Monday, 28 April 2008
Investing in Young People at 'Youth Deliver the Future' conference
Photo Credit: David Colwell (c) 2008
African governments should urgently invest in programs that focus and enhance the health and development of young people says experts at the uniquely designed international conference on Young People's Health and Development that opened on Sunday in Abuja, Nigeria.
The three day conference brought together an assembly of researchers, academicians and policy makers in a series of interaction and knowledge sharing to promote and better prepare the youth for the new world.
The conference dubbed "Youth Deliver the Future" Investing in Young People's Health and Development: Research that Improves Policies and Programs, seeks to find solutions to various problems facing youth.
These problems include lack of access to education, health and information services, increased HIV infection and sexually transmitted diseases, early marriages, unintended pregnancies and death from unsafe abortions, drug abuse, mental illnesses, death in road crashes, and acquiring poor nutritional and exercise habits among others.
Speaking during the opening ceremony held at the Nicon Luxury Hotel in Abuja, Nigeria's First Lady Hajia Turai Umar Yar'Adua in a speech read on her behalf by the Minister of Health and Labour Dr Hassan Muhammad Lawal, said to reduce the risks young people are faced with and promote their positive development, nations and societies must invest in young people more than ever before.
The First Lady said young people hold the key to the future and the slogan of this conference, "Youth deliver the future" is therefore an apt one.
Mrs Yar Adua noted that the youth who will effectively deliver on the future is one that has been adequately prepared for the future and one in whom the society has sufficiently invested in to ensure maximal development and provide relevant opportunities to optimize his or her potential.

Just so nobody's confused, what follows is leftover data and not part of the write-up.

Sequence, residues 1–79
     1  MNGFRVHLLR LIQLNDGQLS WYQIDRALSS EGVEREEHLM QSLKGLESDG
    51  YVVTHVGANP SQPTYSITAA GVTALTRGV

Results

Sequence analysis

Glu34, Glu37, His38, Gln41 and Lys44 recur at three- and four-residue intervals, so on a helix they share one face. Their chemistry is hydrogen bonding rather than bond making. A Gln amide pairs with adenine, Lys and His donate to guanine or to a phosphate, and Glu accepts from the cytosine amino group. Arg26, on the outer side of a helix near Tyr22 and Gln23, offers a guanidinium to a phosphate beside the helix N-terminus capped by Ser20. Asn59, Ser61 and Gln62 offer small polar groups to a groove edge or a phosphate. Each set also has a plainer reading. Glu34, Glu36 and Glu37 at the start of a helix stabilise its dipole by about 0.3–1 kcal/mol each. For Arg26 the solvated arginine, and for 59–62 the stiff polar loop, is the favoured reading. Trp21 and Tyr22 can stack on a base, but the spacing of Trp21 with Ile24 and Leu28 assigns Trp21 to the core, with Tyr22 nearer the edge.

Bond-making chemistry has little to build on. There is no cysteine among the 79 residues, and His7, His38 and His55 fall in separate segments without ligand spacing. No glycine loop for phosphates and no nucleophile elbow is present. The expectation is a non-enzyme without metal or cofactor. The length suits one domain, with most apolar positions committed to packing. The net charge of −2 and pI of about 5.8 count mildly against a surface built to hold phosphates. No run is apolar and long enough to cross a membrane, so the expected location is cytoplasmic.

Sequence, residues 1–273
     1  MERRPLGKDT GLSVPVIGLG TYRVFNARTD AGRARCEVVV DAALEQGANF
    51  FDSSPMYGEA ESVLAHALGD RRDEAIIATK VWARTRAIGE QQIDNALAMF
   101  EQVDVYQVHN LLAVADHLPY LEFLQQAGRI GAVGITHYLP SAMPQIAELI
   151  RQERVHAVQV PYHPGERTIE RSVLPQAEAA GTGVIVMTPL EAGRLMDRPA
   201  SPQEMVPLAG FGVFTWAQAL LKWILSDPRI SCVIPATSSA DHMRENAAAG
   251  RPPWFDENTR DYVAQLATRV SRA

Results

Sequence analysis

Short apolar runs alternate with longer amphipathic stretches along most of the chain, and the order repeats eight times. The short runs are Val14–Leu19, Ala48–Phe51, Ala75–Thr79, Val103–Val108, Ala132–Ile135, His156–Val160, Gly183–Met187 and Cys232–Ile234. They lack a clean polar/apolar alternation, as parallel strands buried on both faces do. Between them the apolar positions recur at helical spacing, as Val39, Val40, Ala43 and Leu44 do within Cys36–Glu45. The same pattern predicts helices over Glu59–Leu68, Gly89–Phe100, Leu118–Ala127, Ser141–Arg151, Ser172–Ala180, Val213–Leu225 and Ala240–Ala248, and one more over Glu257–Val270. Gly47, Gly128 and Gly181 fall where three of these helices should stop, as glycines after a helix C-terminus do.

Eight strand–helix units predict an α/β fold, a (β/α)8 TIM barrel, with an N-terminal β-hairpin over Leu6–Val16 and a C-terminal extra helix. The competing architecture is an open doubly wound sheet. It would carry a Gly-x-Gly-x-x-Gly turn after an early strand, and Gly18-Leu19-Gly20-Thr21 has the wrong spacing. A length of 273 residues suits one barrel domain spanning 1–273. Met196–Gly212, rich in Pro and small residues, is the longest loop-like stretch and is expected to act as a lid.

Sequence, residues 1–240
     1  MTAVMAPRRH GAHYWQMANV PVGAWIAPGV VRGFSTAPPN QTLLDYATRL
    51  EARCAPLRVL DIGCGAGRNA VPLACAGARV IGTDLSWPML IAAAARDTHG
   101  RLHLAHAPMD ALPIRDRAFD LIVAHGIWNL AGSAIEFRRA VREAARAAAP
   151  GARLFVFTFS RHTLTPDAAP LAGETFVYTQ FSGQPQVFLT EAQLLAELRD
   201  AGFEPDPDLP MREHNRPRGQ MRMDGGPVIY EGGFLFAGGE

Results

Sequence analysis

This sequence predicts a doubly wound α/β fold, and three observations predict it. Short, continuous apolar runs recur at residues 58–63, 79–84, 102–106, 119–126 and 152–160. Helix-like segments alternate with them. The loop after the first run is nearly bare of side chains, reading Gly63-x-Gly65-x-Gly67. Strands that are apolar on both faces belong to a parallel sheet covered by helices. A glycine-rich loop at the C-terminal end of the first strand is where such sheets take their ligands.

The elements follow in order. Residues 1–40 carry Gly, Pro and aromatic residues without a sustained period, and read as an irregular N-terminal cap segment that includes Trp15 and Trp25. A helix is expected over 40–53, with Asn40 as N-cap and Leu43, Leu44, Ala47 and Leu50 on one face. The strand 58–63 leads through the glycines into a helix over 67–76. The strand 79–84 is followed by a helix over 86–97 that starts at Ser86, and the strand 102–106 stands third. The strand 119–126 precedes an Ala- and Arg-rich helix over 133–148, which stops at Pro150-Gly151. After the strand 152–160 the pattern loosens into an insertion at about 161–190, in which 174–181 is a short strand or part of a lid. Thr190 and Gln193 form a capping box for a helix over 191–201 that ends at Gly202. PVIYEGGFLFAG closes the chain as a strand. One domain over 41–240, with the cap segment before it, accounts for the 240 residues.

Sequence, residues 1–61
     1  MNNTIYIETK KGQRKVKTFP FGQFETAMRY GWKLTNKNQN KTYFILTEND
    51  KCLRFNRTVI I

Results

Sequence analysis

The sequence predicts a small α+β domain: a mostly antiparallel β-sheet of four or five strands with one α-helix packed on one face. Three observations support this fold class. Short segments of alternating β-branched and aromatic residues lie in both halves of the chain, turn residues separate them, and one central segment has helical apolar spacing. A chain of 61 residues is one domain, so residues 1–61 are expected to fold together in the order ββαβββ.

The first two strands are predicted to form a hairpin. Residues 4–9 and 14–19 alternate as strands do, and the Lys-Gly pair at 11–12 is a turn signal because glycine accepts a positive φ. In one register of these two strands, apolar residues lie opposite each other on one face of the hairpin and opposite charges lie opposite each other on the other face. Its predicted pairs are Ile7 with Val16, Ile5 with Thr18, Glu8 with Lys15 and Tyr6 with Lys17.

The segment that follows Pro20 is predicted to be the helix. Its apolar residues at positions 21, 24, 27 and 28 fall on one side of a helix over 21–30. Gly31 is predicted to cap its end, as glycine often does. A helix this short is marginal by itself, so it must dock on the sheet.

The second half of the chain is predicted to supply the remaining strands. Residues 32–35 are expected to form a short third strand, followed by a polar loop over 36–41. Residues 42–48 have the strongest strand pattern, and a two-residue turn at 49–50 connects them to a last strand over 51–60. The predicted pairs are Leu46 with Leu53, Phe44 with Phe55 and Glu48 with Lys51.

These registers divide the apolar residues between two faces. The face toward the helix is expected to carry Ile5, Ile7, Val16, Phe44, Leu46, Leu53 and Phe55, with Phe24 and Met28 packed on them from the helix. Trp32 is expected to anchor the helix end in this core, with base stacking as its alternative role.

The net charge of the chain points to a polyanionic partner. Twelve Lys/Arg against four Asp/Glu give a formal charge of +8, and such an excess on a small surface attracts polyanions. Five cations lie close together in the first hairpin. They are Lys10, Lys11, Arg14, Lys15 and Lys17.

"Without proper development of young people there will be no future development anywhere" she emphasized.
She reiterated the need to optimize youth development investments through evidence-based policies and programs.
"Today the world has the largest number of young people ever recorded in history -approximately two billion people between the ages of 10 to 24, most of whom are in Africa and Asia, therefore the need to confront the challenges facing young people in various areas of development has never been greater".
She said the substantial increase in the number of young people globally presents more opportunities than challenges and added that equipping this energetic and technologically-minded group with the best of resources offers opportunity to move the world forward like never before. She said investing in youth will help the world achieve the Millenium Development Goals (MDG's).
She hoped the conference will enable the world to commit themselves to the new development of the future generation. She further reiterated her government's renewed commitment to the health and development of young people as evidenced by the recent launch of a new National Policy on Health and Development of Adolescents and other Young People in Nigeria, and increasing investment in related programmes.
Minister for Health and Labour Dr Hassan Muhammad Lawal said there is need to take all necessary measures to invest in young people's health and development so that Africa can enjoy the demographic bonus of this age group.
The conference is funded by the Bill and Melinda Gates Institute for Population and Reproductive Health John Hopkins University in partnership with Centre for Population and Reproductive Health, University of Ibadan and Department of Community Health, Obafemi Awololo University.
By Redemtor Atieno
Kenya freelance journalist